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Florida leads country in job growth while unemployment rate dips to 10-year low

What economic slowdown?

Florida's unemployment rate fell for the third month in a row to hit an almost 10-year low as the state led the country in job creation, state officials reported Friday.

In adding nearly 30,000 jobs during May, Florida has moved closer to full employment, meaning a minimal likelihood of bigger rate drops in coming months, economists said.

Florida's unemployment rate dropped to 4.3 percent in May, down from 4.5 percent in April, to reach the lowest mark since August 2007.

Tampa Bay's unemployment rate remained steady, holding April's 3.8 percent. Hillsborough County's stayed at 3.7 percent from April to May, as did Pinellas at 3.6 percent and Hernando at 5 percent. Pasco dropped a tenth of a percentage point to 4.2 percent in May.

"Over the year, the Tampa area added more than 41,000 new jobs and led the state in job growth for several industries, which is great news," Gov. Rick Scott said in a statement.

Florida also added the second highest number of construction jobs of any state over the past year — 31,000. California created the most construction jobs for the same period: 38,900.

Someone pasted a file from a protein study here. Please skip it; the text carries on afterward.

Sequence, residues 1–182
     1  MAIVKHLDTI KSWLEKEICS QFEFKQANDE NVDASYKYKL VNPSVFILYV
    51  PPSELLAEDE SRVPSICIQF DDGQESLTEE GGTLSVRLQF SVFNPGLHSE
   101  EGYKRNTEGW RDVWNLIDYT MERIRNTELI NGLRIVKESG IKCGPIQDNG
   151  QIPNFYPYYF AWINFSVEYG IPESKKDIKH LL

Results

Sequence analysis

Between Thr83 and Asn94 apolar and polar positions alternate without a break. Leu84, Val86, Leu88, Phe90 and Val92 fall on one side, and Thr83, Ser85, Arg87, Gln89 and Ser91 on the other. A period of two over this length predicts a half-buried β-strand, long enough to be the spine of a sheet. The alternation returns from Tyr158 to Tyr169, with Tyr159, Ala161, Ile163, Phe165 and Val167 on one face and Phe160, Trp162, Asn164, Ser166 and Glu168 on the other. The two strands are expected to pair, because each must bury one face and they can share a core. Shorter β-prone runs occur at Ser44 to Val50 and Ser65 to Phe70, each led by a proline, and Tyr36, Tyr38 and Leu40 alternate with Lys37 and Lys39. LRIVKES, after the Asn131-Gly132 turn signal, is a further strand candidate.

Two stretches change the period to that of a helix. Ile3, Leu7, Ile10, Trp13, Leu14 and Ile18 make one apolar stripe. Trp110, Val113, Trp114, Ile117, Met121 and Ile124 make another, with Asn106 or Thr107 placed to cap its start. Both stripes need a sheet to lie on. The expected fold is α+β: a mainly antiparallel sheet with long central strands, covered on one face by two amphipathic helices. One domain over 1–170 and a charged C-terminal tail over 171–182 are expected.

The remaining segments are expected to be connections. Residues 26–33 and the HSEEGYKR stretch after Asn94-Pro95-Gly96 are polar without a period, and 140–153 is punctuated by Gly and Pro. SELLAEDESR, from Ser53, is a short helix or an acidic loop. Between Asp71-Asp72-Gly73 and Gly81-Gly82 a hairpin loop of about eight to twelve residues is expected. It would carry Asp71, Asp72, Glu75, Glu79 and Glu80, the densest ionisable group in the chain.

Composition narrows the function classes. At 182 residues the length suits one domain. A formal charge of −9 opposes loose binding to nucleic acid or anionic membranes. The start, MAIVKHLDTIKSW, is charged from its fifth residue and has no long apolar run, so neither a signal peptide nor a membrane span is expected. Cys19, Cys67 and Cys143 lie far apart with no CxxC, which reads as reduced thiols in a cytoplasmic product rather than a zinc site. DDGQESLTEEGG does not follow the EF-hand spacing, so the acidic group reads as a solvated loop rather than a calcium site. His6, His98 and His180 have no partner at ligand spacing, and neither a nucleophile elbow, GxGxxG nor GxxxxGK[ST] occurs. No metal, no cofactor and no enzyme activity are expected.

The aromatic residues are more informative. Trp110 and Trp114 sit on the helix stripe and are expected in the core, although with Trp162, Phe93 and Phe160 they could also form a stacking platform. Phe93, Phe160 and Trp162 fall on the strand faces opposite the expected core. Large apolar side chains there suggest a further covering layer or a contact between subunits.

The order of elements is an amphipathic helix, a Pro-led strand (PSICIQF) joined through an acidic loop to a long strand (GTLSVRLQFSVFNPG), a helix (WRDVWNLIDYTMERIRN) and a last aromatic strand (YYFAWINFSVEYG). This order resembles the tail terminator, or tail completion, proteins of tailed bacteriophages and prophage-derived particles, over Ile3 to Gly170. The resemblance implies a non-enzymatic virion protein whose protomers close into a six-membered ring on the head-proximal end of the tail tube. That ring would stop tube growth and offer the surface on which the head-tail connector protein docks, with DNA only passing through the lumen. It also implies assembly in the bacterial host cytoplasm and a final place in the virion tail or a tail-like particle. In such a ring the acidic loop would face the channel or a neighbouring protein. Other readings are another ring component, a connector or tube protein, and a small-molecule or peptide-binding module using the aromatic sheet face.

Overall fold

Business and professional services gained the most jobs across the state — 12,300 since April and 52,900 for the year. Leisure and hospitality, education and health services also added jobs.

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According to Chris McCarty, director of the University of Florida Bureau of Economic and Business Research, the unemployment rate can go down for two reasons: either more people became employed, or more people left the labor force. This month, he said, it appears that more people became employed, lowering the unemployment rate.

"That decline is probably something that's pretty good," he said, but it's important to keep an eye on how Florida's labor force participation compares to the national rate. Both McCarty and PNC Financial economist Mekael Teshome expect the unemployment rate won't dip much further.

"We're pretty much at the low for Tampa, but it could get a little lower — closer to 4 percent," Teshome said. How much more it drops will be determined by how fast the workforce grows and how well businesses can fill the job openings they have.

"We've got a lot of momentum; it's just that a lot of people are entering the work force and not every job opening is being filled," Teshome said.

Tampa Bay added 7,000 jobs in May, totaling 43,000 since May 2016. Among major Florida metros, only Orlando had more job gains at 7,800 for the month and 48,000 since last year.

The job gains, however, didn't necessarily translate to bigger paychecks.

Typically, a stronger hiring environment leads to higher wages, UF's McCarty said. But that hasn't happened. That could be in part because of the shift toward gig economy jobs and part-time temporary jobs.

"The jobs that we've created are by and large not as good as the jobs we had before," he said.

Contact Malena Carollo at or (727) 892-2249. Follow @malenacarollo on Twitter.